Chris T, Forrest, Jon, and Dustin (maybe others too) make some good points here: wearing a helmet MIGHT prevent a head injury, and it really isn't that much of a problem to wear one -- at least at a downhill ski area. I still wonder, though, about the image thing. When I asked "how many of you wear helmets when rock climbing," a few of you answered "always" but aren't there others who are proud to wear a helmet with aerodynamic shapes and paint job when skiing because the helmet signifies the fact that they take risks by skiing fast and jumping over cliffs, while they DON'T wear a helmet when rock climbing because that makes them look like a gaper? Do any of you consider wearing a helmet at Castle Rock the sign of a "mountaineer type," who must be ridiculed at all costs?

 

I'm not against helmets -- honest. There are almost certainly times when a helmet would make a big difference and I gotta commend anybody who wants to be smart in their persuit of recreational sports. I doubt, though, that the guy who skied off a cliff at Alpental would have been saved by a helmet. Be careful, you guys, because I don't think the helmet is going to make skiing safe for you.

Share this post


Link to post
Share on other sites
E-rock said:My friends who wear helmets keep bugging me to get one. They say I'll feel more comfortable at speed.
That is quite possibly the worst reason to buy a helmet - they do little to protect yourself of those types of high energy injuries.

Share this post


Link to post
Share on other sites

I guess if you are wearing a helmet for leading to help protect a leader fall it would make sense to use one of those biker-type helmets rather than one of the hardshells. I would think the former would provide better protection in blunt trauma, and the latter would be better for dealing with rockfall and stuff in the hills, where there might be multiple hits of sharper things.

Share this post


Link to post
Share on other sites
cj001f said:

E-rock said:My friends who wear helmets keep bugging me to get one. They say I'll feel more comfortable at speed.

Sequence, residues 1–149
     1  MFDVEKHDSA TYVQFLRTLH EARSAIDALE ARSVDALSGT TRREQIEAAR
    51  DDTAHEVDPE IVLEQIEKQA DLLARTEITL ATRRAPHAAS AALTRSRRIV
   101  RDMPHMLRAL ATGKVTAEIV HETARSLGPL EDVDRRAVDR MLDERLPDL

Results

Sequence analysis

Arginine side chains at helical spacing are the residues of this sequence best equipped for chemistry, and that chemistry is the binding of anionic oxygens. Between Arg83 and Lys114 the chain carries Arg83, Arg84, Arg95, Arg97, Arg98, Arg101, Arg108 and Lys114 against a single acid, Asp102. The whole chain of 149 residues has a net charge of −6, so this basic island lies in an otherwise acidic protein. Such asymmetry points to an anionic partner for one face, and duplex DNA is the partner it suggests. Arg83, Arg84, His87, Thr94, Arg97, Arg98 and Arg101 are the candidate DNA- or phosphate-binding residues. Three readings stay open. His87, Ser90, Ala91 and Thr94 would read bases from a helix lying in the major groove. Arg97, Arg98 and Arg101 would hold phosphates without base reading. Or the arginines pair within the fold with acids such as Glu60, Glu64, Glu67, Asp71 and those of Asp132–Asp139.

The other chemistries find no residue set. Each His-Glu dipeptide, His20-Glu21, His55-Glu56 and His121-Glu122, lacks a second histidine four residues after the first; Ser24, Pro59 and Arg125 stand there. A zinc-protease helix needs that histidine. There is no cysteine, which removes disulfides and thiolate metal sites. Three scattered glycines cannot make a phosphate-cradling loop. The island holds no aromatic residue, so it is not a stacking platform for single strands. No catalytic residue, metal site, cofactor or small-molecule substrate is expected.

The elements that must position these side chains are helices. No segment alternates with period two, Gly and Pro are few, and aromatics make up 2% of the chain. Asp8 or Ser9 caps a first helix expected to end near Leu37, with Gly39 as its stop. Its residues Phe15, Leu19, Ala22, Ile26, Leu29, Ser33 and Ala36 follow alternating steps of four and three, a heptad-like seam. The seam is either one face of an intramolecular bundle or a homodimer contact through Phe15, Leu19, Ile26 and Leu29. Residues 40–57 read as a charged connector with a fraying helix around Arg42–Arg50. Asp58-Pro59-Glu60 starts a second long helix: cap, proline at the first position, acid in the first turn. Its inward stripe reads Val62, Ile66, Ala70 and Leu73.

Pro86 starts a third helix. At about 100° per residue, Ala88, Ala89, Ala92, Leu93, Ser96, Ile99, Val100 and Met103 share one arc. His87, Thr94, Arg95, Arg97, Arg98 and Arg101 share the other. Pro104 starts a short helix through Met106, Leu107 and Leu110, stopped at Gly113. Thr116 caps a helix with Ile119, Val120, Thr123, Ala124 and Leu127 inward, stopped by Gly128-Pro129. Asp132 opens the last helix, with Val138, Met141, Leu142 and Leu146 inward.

That is quite possibly the worst reason to buy a helmet - they do little to protect yourself of those types of high energy injuries.

 

I know, I wasn't justifying the logic.

Share this post


Link to post
Share on other sites

I'd feel pretty damned stupid if I had to wear one of those ski helmets. I think they look pretty stupid on others at the ski resort. They've only recently come into "popularity", I don't recall seeing them in the 90's.

Share this post


Link to post
Share on other sites
Pencil_Pusher said:

I'd feel pretty damned stupid if I had to wear one of those ski helmets. I think they look pretty stupid on others at the ski resort. They've only recently come into "popularity", I don't recall seeing them in the 90's.

 

Very good reason not to wear a helemt, yes!

Share this post


Link to post
Share on other sites
mattp said:

I still wonder, though, about the image thing. When I asked "how many of you wear helmets when rock climbing," a few of you answered "always" but aren't there others who are proud to wear a helmet with aerodynamic shapes and paint job when skiing because the helmet signifies the fact that they take risks by skiing fast and jumping over cliffs, while they DON'T wear a helmet when rock climbing because that makes them look like a gaper? Do any of you consider wearing a helmet at Castle Rock the sign of a "mountaineer type," who must be ridiculed at all costs?

 

Matt – I always wear a helmet at Castle Rock. I wear one working sport routes at Smith. I AM NOT THE ONLY ONE! And if anyone looks like a gaper with a helmet, it's me. I have this euro version of the petzl meteor, blue with neon yellow computer graphics that makes me look like an extra from the movie Tron. I though climbing was about individuality? I could give a shit if someone else thinks I look dumb.